Learning to ride, falling down, getting back on
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We’re on the verge of an infrastructural shift as profound as any in human history, on the scale of the Industrial Revolution. You might say we’re going to be seeing the other side of that revolution, and it will change our political system, our ideologies, and our beliefs.
Over the last fifteen years, environmental foundations and organizations have invested hundreds of millions of dollars in combating global warming. We have strikingly little to show for it.
Progressives need to help people imagine more ambitiously what we can do together. American liberals today are stuck defending government programs that are, in some cases, more than half a century old. We need to reinvent progressive politics by reinventing a strategic role for government that unites Americans and transcends interest-group politics.
The phone rings, I answer it, and the world collapses. I’m staring into space, hearing over and over again the receptionist’s words: “The doctor wants you to come in this afternoon to discuss some lab results. . . . And bring someone with you.”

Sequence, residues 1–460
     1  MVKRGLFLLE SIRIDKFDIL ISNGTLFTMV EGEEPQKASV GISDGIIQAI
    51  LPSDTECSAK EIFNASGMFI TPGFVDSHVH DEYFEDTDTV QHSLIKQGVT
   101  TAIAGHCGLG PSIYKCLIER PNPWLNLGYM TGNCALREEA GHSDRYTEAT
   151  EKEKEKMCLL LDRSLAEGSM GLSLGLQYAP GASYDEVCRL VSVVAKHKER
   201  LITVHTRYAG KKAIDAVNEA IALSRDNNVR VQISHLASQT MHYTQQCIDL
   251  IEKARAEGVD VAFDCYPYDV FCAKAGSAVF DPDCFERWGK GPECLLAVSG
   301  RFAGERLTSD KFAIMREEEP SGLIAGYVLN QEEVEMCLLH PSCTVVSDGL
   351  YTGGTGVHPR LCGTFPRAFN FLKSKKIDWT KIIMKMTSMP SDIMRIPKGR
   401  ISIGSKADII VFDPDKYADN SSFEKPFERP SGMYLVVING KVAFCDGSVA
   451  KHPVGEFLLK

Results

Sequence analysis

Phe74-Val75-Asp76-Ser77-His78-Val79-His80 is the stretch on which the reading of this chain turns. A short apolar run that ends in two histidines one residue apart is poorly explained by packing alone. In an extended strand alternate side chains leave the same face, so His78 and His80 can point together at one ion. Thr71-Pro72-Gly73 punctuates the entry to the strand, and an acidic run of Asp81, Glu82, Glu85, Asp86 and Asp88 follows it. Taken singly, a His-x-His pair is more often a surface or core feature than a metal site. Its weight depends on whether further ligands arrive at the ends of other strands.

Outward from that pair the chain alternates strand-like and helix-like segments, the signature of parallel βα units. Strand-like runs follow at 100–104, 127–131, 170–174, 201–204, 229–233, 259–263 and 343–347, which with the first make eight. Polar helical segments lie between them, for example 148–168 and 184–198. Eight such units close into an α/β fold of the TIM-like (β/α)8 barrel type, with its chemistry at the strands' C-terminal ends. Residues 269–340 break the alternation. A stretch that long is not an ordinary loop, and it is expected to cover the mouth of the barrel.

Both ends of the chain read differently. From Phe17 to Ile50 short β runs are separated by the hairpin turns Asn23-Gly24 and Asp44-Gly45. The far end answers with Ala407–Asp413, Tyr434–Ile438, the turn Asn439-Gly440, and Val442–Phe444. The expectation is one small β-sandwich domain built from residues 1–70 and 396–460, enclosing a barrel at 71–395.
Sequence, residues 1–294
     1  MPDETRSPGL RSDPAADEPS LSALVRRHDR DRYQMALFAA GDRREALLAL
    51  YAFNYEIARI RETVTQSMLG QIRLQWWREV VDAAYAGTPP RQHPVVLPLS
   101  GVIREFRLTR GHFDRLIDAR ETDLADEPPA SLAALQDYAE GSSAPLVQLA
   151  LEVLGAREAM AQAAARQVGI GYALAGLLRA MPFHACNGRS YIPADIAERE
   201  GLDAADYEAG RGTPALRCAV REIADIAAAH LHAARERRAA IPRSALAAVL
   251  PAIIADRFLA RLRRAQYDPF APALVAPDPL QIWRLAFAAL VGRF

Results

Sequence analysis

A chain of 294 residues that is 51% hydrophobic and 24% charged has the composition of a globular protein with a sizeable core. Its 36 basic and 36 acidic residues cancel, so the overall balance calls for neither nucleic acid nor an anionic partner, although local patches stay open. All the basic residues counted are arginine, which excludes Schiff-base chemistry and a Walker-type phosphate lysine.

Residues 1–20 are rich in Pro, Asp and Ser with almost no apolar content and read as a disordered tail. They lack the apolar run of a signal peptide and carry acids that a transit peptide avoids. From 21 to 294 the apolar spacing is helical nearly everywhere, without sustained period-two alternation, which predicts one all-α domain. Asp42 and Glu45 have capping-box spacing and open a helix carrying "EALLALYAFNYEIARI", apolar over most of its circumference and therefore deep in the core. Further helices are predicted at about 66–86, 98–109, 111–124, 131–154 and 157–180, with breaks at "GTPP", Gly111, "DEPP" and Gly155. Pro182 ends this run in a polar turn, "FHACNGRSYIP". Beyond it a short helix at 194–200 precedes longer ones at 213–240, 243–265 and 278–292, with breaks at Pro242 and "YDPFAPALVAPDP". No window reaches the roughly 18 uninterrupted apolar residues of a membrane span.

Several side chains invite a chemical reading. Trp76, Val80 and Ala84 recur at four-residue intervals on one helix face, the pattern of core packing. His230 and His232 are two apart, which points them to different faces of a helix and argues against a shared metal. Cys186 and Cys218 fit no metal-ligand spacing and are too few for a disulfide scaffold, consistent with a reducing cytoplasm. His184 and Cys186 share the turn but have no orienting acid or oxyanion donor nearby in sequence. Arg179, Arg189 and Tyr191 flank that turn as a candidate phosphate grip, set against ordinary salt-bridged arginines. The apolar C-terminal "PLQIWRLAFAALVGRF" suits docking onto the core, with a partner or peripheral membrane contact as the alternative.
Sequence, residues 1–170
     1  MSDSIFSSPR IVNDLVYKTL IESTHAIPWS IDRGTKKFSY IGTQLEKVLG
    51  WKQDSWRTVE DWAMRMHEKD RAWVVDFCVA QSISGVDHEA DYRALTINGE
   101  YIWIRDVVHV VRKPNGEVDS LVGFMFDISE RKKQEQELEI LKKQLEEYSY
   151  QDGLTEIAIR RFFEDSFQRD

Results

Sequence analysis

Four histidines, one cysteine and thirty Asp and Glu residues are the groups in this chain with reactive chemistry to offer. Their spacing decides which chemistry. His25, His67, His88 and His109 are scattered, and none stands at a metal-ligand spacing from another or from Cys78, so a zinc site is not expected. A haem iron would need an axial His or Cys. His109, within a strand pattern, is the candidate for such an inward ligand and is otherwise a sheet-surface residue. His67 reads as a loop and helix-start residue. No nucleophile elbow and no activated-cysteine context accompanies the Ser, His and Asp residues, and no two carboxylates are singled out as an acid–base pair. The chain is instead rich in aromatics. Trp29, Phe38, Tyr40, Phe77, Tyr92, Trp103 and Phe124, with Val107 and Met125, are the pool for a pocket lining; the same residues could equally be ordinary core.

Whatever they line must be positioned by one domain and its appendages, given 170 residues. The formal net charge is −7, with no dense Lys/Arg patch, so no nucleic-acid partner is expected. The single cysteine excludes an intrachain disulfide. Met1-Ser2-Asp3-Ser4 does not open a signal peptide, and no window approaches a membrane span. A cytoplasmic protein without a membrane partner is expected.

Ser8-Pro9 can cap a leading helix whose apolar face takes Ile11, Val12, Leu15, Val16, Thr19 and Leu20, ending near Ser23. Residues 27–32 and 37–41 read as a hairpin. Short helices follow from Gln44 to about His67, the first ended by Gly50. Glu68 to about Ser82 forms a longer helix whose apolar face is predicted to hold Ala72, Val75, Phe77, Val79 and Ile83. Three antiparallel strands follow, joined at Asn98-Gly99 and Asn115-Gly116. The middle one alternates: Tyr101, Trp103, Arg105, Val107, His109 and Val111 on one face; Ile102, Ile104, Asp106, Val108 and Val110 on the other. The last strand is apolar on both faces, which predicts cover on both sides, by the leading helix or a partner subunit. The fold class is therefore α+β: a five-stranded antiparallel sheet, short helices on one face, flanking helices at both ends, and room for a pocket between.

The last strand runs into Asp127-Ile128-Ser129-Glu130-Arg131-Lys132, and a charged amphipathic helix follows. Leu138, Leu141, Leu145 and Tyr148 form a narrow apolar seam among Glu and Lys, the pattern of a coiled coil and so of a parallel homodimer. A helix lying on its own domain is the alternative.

U.S. bomber pilots destroyed or incapacitated eighteen of Iraq’s twenty electrical power plants. The link between that and children dying today was explained by the Harvard team: “Without electricity, water cannot be purified, sewage cannot be treated, waterborne diseases flourish, and hospitals cannot cure treatable illnesses.”
It is time to go beyond the usual parameters of the nuclear debate. It is time to begin asking ourselves how The Bomb has affected the human soul itself. By exploring The Bomb as symbol, we can penetrate more deeply into the amazing mirror nuclear weapons have created. Extraordinary changes in society, in attitude and in values have emerged world-wide since Hiroshima, changes that show us a thousand ways in which The Bomb has become the guiding metaphor of our time.
Maintain the intention to be expanded.